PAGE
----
Schottenfeld's letter comes at a crucial time for Barnes & Noble, Nook and Microsoft. With just week's left in the holiday season, both Nook and Microsoft face stiff competition in their tablet offerings.
In the case of Nook, its HD tablet is being challenged by a
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Kindle Fire line of tablets and those offered by
, among many 2012 tablet launches.
Microsoft also is getting into the mix with the launch of its Surface tablet, which is hoped to push the software giant into the consumer hardware market and put its Windows 8 launch in direct competition with Apple's iOS and Google's Android.
Meanwhile, questions on Barnes & Nobles finances and Nook's viability as a competitive alternative to Amazon, Apple or Google Android-powered products remain hazy.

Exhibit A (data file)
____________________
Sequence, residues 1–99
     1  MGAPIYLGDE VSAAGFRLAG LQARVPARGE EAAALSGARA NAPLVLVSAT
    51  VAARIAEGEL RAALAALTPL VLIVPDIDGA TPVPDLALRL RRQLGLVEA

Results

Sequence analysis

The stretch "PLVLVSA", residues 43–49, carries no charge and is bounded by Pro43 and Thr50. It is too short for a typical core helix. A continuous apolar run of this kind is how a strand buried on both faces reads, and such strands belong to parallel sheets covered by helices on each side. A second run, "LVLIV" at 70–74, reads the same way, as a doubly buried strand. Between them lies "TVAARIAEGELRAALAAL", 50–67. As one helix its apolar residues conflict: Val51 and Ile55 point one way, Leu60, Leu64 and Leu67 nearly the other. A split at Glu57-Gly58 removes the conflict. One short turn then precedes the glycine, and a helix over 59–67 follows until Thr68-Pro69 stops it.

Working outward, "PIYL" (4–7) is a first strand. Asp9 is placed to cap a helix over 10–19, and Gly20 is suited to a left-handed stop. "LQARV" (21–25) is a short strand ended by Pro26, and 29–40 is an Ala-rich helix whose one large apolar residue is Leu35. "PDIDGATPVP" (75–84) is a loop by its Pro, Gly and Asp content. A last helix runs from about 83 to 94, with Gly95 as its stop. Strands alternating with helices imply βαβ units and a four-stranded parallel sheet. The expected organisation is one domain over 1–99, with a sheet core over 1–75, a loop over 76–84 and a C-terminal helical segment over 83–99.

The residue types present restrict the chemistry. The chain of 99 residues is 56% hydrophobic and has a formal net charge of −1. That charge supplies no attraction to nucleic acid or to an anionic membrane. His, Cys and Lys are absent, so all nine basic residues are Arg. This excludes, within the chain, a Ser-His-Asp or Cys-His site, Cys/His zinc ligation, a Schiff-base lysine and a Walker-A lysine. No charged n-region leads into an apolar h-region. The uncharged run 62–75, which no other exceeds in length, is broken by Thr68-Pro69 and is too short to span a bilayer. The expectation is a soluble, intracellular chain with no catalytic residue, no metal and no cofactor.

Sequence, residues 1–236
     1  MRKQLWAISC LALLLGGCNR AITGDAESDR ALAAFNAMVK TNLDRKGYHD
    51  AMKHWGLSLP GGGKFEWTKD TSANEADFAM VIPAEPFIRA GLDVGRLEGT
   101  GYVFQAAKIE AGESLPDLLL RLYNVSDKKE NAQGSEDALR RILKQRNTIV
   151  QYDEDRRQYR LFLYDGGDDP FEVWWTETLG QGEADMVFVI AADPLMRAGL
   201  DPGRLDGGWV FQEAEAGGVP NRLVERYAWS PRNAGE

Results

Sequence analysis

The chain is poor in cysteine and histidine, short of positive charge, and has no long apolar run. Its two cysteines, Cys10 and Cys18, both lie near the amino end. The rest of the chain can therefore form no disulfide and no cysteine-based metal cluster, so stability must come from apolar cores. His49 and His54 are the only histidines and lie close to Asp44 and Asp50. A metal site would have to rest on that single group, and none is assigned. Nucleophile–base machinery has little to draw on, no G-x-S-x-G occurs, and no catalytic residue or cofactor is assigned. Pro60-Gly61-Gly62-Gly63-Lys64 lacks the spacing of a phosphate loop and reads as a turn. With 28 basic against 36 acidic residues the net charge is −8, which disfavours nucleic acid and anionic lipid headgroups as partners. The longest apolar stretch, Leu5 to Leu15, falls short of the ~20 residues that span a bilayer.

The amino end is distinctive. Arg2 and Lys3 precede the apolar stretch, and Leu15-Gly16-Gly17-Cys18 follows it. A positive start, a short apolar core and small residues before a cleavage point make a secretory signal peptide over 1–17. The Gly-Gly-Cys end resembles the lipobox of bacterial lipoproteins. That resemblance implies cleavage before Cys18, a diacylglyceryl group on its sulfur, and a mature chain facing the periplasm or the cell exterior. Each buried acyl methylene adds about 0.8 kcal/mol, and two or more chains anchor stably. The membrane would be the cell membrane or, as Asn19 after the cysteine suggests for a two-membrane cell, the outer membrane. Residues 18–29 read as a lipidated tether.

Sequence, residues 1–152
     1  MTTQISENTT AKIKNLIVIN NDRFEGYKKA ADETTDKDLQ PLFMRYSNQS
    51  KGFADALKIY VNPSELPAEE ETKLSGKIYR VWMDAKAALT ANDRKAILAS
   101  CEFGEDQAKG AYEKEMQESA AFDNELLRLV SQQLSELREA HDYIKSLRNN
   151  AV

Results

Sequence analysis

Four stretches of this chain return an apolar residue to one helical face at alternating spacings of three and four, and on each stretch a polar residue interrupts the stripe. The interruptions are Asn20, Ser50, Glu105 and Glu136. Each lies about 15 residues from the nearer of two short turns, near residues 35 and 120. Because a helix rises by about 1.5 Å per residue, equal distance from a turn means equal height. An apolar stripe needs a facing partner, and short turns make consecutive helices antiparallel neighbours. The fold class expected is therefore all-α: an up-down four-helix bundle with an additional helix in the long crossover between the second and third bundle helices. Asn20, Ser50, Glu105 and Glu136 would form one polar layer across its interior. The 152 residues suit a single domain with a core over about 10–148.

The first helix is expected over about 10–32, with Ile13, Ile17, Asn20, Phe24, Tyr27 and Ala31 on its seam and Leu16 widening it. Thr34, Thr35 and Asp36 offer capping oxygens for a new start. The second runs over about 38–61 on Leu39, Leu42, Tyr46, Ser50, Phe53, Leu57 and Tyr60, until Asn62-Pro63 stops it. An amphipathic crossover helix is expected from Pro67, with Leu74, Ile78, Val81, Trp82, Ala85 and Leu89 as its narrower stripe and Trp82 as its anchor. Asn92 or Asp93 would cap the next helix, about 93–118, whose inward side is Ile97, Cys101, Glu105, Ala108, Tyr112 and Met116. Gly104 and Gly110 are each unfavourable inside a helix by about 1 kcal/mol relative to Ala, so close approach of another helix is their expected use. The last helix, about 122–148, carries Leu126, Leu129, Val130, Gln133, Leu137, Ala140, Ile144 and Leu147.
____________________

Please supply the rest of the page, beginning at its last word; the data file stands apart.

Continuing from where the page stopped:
Barnes & Noble missed second quarter earnings in late November, as revenue fell short of analyst estimates and Nook sales rose over 5% to $160 million, reversing declines in previous quarters.
On the upside, Nook sales benefitted from a doubling of Thanksgiving weekend sales, fueled by promotional offerings at
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, who've both dropped selling the Amazon Kindle.
While its to be seen how in demand Nook tablets or Microsoft's Windows 8 are this holiday season, Schottenfeld's letter indicates a Nook spinoff would be a welcome gift for the new year.
Barnes & Noble shares were rising nearly 2% to $14,87 in Friday afternoon trading after Schottenfeld's letter was made public.
Year-to-date Barnes & Noble shares have gained just over 2%, erasing dramatic gains after the early May Microsoft deal was announced on investor concern over Nook's competitiveness in the tablet market.
-- Written by Antoine Gara in New York